May I know what is the difference between C# and .NET? When I think of C#, right away I would say it is a .NET language, but when I search for job posts, they require candidates to have C# and .NET experience. Can someone give me an explanation?

  • 32
    I can explain the requirements postings... They're written by non-.NET developers. Either HR or management folks who don't NEED to understand the distinction. – David Apr 27 '10 at 20:34
  • 2
    You're absolutely right, I should know between the two. I have been using C# for quite sometime now and always use .Net library class when coding C# but never take time to differentiate between the two. But now I know, thanks.. – Bopha Apr 27 '10 at 20:47

10 Answers 10

up vote 94 down vote accepted

In addition to what Andrew said, it is worth noting that:

  • .NET isn't just a library, but also a runtime for executing applications.
  • The knowledge of C# implies some knowledge of .NET (because the C# object model corresponds to the .NET object model and you can do something interesting in C# just by using .NET libraries). The opposite isn't necessarily true as you can use other languages to write .NET applications.

The distinction between a language, a runtime, and a library is more strict in .NET/C# than for example in C++, where the language specification also includes some basic library functions. The C# specification says only a very little about the environment (basically, that it should contain some types such as int, but that's more or less all).

C# is a programming language, .NET is a blanket term that tends to cover both the .NET Framework (an application framework library) and the Common Language Runtime which is the runtime in which .NET assemblies are run.

Microsoft's implementation of C# is heavily integrated with the .NET Framework so it is understandable that the two concepts would be confused. However it is important to understand that they are two very different things.

Here is a class written in C#:

class Example { }

Here is a class written in C# that explicitly uses a .NET framework assembly, type, and method:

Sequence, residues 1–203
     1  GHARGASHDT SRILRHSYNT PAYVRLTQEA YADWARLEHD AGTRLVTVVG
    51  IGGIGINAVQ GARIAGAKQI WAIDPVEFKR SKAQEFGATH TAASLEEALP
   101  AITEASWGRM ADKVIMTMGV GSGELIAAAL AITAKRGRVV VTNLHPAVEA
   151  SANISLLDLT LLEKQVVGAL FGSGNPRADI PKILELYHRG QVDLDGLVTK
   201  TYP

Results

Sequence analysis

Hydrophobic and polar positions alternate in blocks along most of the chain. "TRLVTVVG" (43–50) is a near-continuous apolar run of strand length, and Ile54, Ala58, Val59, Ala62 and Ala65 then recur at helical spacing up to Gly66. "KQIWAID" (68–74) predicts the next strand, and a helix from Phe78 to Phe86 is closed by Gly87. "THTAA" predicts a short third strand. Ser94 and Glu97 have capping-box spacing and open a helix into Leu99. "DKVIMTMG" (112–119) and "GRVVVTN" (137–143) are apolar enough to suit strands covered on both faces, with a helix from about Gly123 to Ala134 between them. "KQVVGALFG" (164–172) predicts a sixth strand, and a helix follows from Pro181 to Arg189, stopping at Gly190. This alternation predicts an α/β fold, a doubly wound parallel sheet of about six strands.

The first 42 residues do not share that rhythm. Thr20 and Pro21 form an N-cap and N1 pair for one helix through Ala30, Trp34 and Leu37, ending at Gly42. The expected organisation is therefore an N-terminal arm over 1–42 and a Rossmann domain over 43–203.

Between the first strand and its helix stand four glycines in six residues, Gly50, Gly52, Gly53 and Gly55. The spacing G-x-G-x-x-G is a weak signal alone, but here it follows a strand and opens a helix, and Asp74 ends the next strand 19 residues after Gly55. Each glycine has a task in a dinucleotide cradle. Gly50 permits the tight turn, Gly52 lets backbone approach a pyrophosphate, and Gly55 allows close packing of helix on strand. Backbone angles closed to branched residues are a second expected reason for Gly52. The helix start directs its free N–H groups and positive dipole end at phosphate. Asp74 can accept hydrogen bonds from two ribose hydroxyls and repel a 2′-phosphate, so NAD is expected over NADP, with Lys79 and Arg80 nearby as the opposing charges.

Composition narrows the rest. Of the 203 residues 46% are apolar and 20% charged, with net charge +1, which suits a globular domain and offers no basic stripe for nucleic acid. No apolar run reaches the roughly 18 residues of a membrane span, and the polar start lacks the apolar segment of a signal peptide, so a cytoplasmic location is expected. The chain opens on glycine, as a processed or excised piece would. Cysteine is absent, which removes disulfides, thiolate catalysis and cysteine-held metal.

class Example
{
    static void Main()
    {
        // Here we call into the .NET framework to 
        // write to the output console
        System.Console.Write("hello, world");
    }
}

As I mentioned before, it is very difficult to use Microsoft's implementation of C# without using the .NET framework as well. My first Example implementation above even uses the .NET framework (implicitly, yes, but it does use it nonetheless) because Example inherits from System.Object.

Also, the reason I use the phrase Microsoft's implementation of C# is because there are other implementations of C# available.

  • 3
    @Tejs - Actually, VB.NET is .NET. VB isn't. – Eric Mickelsen Apr 27 '10 at 20:36
  • 1
    Perhaps the difference between the two becomes even more obvious as soon as other .NET-based programming languages enter the stage: there's VB.NET, F#, J#, IronPython, IronRuby, and I hear even COBOL made it to the .NET platform. – stakx Apr 27 '10 at 20:37
  • +1 Andrew Hare. @Tejs: Both C# and VB are heavily integrated to .NET, it is not .NET. .NET is a framework. As per instance, you can do .NET in Delphi. If C# is .NET, then you would be able to code C# in Delphi .NET, which is clearly not doable and even unconceivable. – Will Marcouiller Apr 27 '10 at 20:41
  • Similarly, there's no reason you have to have .NET to program in C#, although I don't know of anybody who writes C# without either .NET or Mono. – David Thornley Apr 27 '10 at 20:50
  • .NET CLR is all about types. In order to support multiple languages, they came up with CTS - Common type system which defines how types must be defined and rules governing them e.g. inheritance, object lifetime etc. C++/CLI, C#, VB are all languages conforming to these types (you could in violate this but I wont get into it). .Regardless of what language you use to construct the type, behavior will be same when executed by .NET CLR. Hence, language and .NET can evolve separately though there is connection via the CTS. VS2012 e.g. not support C# 6 compiler but works with .NET 4.6 – Frank Q. Mar 17 at 6:05

C# is a programming language, .NET is the framework that the language is built on.

C# is a strong Object Oriented programming language that is mostly built on the .NET framework.

C# is the airplane and .NET is the runway ;)

C# is a language, .NET is an application framework. The .NET libraries can run on the CLR and thus any language which can run on the CLR can also use the .NET libraries.

If you are familiar with Java, this is similar... Java is a language built on top of the JVM... though any of the pre-assembled Java libraries can be used by another language built on top of the JVM.